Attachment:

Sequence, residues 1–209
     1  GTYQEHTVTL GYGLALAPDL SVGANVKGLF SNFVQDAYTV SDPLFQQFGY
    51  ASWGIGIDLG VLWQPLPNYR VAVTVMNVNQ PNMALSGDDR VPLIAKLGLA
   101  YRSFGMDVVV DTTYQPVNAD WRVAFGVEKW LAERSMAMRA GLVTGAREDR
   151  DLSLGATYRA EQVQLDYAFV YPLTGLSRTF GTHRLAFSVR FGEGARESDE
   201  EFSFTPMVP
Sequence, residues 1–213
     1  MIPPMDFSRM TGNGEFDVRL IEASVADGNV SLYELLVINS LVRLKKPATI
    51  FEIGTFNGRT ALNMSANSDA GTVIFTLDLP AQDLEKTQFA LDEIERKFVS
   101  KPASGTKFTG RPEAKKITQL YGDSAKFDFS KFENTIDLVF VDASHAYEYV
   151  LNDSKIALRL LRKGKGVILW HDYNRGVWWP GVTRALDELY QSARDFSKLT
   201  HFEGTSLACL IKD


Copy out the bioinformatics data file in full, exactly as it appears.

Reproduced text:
Sequence, residues 1–209
     1  GTYQEHTVTL GYGLALAPDL SVGANVKGLF SNFVQDAYTV SDPLFQQFGY
    51  ASWGIGIDLG VLWQPLPNYR VAVTVMNVNQ PNMALSGDDR VPLIAKLGLA
   101  YRSFGMDVVV DTTYQPVNAD WRVAFGVEKW LAERSMAMRA GLVTGAREDR
   151  DLSLGATYRA EQVQLDYAFV YPLTGLSRTF GTHRLAFSVR FGEGARESDE
   201  EFSFTPMVP
Sequence, residues 1–213
     1  MIPPMDFSRM TGNGEFDVRL IEASVADGNV SLYELLVINS LVRLKKPATI
    51  FEIGTFNGRT ALNMSANSDA GTVIFTLDLP AQDLEKTQFA LDEIERKFVS
   101  KPASGTKFTG RPEAKKITQL YGDSAKFDFS KFENTIDLVF VDASHAYEYV
   151  LNDSKIALRL LRKGKGVILW HDYNRGVWWP GVTRALDELY QSARDFSKLT
   201  HFEGTSLACL IKD